Now that we have seen the code to train a machine-learning model, we can go ahead and learn about how to save (or log) such models for future use.

A Model comprises of model file and some metadata. Each Model can have multiple versions. We can automatically serialize, save, and version model objects by using the save_model_metadata method and the following are the steps to do so:

Model Logging Steps

Step 1: Import the required libraries

import mlfoundry

Step 2: Create an ML Repo Run

run = mlfoundry.get_client().create_run(ml_repo=ml_repo, run_name="SVR-with-QT")

A Run represents a single experiment which in the context of Machine Learning is one specific model (say Logistic Regression), with a fixed set of hyper-parameters. Metrics, and parameters (details below) are all logged under a specific run.

Step 3: Log Model Hyperparameters

run.log_params(regressor.get_params())

Step 4: Log Model Metrics

run.log_metrics({"score": model.score(X_test, y_test)})

Step 5: Serialize and Log a Versioned Model

model_version = run.log_model(name="diabetes-regression", model=model, framework="sklearn")
print("model_version =", model_version.version, "model_fqn =", model_version.model_fqn)

Each logged model generates a new version associated with the given name and linked to the current run. Multiple versions of the model can be logged as separate versions under the same name.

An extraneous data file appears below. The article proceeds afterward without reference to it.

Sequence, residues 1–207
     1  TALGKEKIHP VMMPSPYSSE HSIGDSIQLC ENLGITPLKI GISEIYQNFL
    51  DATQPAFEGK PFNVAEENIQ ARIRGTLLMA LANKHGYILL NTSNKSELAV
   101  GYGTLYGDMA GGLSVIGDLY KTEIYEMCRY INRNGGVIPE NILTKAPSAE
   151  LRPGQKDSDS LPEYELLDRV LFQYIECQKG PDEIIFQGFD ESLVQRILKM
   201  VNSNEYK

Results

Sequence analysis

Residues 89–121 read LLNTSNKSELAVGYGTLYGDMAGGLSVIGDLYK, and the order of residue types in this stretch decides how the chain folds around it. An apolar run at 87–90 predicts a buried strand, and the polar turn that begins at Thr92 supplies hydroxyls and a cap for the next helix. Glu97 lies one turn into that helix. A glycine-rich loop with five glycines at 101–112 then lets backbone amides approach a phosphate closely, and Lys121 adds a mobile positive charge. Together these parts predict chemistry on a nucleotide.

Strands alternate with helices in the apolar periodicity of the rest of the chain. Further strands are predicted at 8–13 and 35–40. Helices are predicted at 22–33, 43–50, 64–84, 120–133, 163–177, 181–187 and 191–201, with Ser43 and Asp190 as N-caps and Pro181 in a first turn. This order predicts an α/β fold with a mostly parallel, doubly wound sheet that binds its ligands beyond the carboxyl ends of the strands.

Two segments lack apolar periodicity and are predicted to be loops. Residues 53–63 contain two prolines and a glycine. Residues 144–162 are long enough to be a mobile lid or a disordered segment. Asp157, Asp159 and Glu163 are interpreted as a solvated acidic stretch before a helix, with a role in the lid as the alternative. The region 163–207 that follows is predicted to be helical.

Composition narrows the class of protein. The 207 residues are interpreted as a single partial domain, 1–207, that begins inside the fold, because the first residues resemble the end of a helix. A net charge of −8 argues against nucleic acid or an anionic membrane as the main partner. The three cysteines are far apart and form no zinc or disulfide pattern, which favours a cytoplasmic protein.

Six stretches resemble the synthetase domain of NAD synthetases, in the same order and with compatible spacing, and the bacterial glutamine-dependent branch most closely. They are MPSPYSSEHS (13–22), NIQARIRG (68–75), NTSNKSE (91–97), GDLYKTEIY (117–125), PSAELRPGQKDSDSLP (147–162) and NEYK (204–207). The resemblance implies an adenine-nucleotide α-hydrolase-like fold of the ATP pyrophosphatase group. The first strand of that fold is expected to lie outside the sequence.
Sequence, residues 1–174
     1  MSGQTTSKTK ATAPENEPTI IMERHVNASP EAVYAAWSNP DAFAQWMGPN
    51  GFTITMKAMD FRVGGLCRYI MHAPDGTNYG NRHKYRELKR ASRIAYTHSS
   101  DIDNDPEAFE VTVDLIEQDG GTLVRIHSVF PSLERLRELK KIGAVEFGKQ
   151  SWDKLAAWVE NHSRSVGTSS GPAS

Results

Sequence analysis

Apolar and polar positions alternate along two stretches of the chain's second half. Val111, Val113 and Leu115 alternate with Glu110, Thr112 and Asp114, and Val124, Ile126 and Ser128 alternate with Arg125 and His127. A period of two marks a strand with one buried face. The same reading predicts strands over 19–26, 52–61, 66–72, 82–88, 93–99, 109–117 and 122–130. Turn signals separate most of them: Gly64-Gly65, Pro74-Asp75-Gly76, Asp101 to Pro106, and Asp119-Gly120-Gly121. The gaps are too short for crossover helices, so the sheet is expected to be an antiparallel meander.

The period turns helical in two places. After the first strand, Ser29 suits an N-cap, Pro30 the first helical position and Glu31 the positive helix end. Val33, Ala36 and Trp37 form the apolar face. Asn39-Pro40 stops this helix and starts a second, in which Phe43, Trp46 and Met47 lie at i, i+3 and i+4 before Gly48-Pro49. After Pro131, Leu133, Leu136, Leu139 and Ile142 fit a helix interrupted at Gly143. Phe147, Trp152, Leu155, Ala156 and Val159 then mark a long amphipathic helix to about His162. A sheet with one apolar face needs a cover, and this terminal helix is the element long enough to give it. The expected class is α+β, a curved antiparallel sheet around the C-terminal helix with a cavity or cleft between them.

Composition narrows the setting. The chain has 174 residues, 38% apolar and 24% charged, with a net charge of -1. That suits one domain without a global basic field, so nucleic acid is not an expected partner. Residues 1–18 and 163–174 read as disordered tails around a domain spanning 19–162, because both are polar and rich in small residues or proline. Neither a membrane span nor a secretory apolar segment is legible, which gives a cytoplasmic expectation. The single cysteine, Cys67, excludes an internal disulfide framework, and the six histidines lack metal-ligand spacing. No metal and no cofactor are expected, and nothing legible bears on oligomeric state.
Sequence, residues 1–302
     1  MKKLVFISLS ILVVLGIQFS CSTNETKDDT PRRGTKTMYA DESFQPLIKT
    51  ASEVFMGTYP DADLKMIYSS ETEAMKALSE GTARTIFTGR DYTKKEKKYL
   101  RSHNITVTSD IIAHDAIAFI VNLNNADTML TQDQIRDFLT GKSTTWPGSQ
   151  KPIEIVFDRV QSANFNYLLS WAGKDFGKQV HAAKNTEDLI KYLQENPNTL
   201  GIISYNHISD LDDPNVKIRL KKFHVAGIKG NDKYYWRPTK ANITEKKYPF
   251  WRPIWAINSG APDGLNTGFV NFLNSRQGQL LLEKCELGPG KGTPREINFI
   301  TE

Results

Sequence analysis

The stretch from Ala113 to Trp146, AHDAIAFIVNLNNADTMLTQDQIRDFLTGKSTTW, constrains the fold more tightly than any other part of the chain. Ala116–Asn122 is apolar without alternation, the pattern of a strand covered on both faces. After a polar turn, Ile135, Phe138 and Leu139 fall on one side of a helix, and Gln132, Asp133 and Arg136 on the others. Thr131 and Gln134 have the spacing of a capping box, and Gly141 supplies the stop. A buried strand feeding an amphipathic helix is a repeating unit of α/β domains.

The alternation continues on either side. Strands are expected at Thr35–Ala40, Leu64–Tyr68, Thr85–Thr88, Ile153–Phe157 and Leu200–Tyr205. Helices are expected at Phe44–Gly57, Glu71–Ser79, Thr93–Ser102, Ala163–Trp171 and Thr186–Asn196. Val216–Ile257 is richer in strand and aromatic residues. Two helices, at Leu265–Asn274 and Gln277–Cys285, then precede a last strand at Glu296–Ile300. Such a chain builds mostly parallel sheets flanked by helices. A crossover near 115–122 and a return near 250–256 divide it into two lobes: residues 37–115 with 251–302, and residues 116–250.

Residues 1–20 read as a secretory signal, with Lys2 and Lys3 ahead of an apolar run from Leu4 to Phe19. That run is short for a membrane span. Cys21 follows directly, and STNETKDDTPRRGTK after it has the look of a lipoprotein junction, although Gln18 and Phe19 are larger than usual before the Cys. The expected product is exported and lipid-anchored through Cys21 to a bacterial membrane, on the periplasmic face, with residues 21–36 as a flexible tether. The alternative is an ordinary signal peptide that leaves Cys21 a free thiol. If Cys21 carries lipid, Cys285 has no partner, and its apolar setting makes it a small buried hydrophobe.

Model Logging Complete Code

import mlfoundry

def save_model_metadata(regressor, model, X_test, y_test, ml_repo):
   # create a run in truefoundry’s ml_repo
   run = mlfoundry.get_client().create_run(ml_repo=ml_repo, run_name="SVR-with-QT")
   
   # log the hyperparameters of the model
   run.log_params(regressor.get_params())
   
   # log the metrics of the model
   run.log_metrics({"score": model.score(X_test, y_test)})
   
   # log the model
   model_version = run.log_model(name="diabetes-regression", model=model, framework="sklearn")
   
   print("model_version =", model_version.version, "model_fqn =", model_version.model_fqn)

Now that we have seen the process of model training and logging, we can compile that into a single train.py file. The final contents of the train.py file should look like this:

train.py

# required import statements for both functions

def train(kernel, n_quantiles):
   ...

def save_model_metadata(regressor, model, X_test, y_test, ml_repo):
   ...

regressor, model, X_test, y_test = train(kernel="linear", n_quantiles=100)
save_model_metadata(regressor, model, X_test, y_test, ml_repo="YOUR ML REPO NAME")

This completes our code for model training and logging. Now we have to deploy the model training code as a job. The deploy.py contains the code for deploying the above model training code as shown below:

deploy.py

from servicefoundry import Build, Job, PythonBuild, LocalSource